At a time when left-handed fifth-grader Megan Bobien was going out in a circle under the intense lights of the last half on Friday night, it was not the first time she had seen the action that day – the circumstances, however, were radically different.
When the sun came up, Bobien started with five innings on the weekend for the 19th softball team in Michigan (8-5 overall) was normal. She kept Northern Kentucky (7-7 overall) without points, only three times letting beats at base. The effort to silence the throw that fans were waiting for put Wolverine in a position to win when their bats finally hit. They made it to the sixth when a three-round blast from senior catcher Hannah Carson won 3-0 and the record won for all time for coach Carol Hutchins.
But this time, in a nightcap, as Duke № 13 (13-3 overall) threatened to win with two participants on board, Bobien had to dig Michigan out of the hole. With two outlines and an equalizer later she led her team to the first setback of the season.
“I think in our (first) game against Duke, we were definitely tough and fought very hard there as a team,” said sophomore Sierra Kersten. “Every effort has been made to do so.”
Bobien is no stranger to victory, but these recent fights against the Blue Devils have completed only the eighth save of his career. Carson is a trusted veteran in field games, but Homer’s victory against the Scandinavian was only her fifth ball of her career. The last run that led to Bobien’s rescue came from a beaten Kersten in the fourth – the first of two home runs over the weekend and in her career.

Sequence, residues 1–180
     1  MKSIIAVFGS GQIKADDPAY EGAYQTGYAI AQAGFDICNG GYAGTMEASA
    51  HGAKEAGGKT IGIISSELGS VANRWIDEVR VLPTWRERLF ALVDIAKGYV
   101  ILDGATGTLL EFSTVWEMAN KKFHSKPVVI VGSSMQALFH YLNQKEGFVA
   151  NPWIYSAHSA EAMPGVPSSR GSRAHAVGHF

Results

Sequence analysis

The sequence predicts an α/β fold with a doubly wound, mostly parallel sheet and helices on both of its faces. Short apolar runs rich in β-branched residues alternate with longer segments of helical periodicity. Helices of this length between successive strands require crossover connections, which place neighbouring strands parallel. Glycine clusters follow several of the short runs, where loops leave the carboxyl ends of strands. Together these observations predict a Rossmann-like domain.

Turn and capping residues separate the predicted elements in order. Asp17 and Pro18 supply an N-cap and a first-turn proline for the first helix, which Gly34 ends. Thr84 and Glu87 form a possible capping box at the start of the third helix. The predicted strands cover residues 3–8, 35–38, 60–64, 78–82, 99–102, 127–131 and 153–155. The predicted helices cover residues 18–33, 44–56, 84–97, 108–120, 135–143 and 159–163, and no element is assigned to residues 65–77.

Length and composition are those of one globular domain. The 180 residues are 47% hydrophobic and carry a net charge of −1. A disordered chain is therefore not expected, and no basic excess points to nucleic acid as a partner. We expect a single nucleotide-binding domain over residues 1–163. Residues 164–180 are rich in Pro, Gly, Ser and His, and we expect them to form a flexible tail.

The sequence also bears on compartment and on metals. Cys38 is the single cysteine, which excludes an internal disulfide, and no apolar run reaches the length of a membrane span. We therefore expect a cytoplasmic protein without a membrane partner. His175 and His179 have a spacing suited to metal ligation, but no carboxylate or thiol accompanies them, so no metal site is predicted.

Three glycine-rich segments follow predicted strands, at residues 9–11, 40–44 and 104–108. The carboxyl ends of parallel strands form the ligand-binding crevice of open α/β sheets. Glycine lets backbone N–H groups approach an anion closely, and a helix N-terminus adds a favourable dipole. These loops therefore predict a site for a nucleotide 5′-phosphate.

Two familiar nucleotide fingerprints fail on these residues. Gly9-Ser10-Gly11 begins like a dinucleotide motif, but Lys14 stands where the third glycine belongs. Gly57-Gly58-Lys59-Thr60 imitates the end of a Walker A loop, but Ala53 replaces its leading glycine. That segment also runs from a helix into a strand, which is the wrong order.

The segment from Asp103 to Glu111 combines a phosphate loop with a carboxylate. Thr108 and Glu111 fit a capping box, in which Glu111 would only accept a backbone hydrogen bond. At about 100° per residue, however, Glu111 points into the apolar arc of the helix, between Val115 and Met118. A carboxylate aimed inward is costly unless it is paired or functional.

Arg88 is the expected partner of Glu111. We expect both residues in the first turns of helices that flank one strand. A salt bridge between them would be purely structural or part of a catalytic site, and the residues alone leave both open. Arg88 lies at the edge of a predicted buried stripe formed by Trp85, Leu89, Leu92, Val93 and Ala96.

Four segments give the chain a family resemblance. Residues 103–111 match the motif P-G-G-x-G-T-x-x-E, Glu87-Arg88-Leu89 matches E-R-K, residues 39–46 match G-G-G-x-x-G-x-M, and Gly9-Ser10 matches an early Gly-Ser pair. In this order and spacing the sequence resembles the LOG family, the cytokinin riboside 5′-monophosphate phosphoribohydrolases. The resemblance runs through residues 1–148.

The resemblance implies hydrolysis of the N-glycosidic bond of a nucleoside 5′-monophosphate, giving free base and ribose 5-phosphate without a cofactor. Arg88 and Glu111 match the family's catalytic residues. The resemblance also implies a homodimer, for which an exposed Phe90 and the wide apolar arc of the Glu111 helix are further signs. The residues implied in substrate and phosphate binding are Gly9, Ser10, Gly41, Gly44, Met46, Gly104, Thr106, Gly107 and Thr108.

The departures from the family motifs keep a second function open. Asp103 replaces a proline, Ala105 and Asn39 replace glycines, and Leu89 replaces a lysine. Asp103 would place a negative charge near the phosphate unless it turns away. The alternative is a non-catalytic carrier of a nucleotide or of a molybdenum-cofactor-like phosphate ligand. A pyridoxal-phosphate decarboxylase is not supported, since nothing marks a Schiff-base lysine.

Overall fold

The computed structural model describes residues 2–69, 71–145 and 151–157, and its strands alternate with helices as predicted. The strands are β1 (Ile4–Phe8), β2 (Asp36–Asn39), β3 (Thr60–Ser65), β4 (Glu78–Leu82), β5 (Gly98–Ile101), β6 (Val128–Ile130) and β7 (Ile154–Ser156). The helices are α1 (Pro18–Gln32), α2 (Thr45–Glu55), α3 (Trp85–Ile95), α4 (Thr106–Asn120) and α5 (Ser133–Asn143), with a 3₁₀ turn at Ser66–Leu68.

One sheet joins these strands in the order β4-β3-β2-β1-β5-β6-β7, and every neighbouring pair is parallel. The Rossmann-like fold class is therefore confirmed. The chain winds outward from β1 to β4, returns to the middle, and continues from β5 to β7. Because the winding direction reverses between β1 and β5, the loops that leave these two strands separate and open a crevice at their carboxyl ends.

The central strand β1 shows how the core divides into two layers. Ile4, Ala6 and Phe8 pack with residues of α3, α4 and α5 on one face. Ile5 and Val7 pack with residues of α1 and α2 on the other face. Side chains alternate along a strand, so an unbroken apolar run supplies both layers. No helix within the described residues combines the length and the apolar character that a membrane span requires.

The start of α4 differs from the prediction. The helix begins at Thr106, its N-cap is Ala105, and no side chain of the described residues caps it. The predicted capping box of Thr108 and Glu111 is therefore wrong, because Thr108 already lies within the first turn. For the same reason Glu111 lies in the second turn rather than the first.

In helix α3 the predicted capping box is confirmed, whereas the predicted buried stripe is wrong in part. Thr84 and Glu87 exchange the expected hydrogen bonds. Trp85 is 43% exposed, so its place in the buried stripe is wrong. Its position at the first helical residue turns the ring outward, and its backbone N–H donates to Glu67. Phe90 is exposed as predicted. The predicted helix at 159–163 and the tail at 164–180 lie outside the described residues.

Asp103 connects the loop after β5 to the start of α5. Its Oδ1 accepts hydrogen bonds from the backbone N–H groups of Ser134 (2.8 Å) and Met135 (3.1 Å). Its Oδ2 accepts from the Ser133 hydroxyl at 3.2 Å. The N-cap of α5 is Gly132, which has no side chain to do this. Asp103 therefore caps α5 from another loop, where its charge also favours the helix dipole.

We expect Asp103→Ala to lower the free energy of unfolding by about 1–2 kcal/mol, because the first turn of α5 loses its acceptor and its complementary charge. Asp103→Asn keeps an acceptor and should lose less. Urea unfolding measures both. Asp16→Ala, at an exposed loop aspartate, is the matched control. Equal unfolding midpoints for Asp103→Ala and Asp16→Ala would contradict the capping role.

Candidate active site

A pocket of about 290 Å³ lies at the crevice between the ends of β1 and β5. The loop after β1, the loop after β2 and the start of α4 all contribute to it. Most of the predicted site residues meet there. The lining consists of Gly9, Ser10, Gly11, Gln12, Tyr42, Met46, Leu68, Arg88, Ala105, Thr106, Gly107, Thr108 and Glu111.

Throughout Michigan’s 3-1 performance at Duke’s invitation this weekend, each of his accomplishments was a sublime key moment from a less-anticipated area.
“I felt a little shocked,” Kersten said of her home runs. “I feel like we’ve been polishing the whole pre-season and it was great to see the effort pay off.”
On the contrary, the Wolverines were defeated for the most typical reason.
As the Blue Devils battled a vengeful push on Saturday, Michigan bats found their silence. Just three hits, just one for extra bases, was not enough to match the previous night’s results.
The typicality of the loss proved to be not only singular but also a dynamic precursor to the anger that erupted on the plate that night. In a rematch in North Kentucky, the Wolverines scored 16 hits of the season, with Carson’s second home run of the season joined second by Kersten. Even fifth-year student Christina Burkhardt managed to make her usual staging extraordinary, tying her career with high hits.
If by means of these infringements of zones of comfort find step success, there are two answers. The main priority is to focus on turning these short moments into longer trends.
“Sometimes at the beginning of this season everything was a little over and over again, and there are only a few excesses in our swings,” Kersten said. “I think (we’re focusing on that) that we can unfold in a team and also be able to put hits together and tie innings where we can put more pressure on the defense that’s against us.”
As for the second answer, it’s hard not to give the trip a measure of celebration – not only because of the best record of the 3-1 season, but also because of Hutchins ’bigger milestone, which is becoming screams all the way up the ranks of the softball world.
“She cares about us being softball players, but she also cares about us being great women who will impact the world when we leave this program,” Kersten said. “One of the things I like is what she said this weekend about people representing her stuff and hating to be recognized. She said, “I’m just standing here and you guys are winning the game.” She just gives us strength and we all run through the wall for her on any day of the week. ”
And after performing this weekend Hutchins is certainly happier with the success of his players in unfamiliar situations than his own award.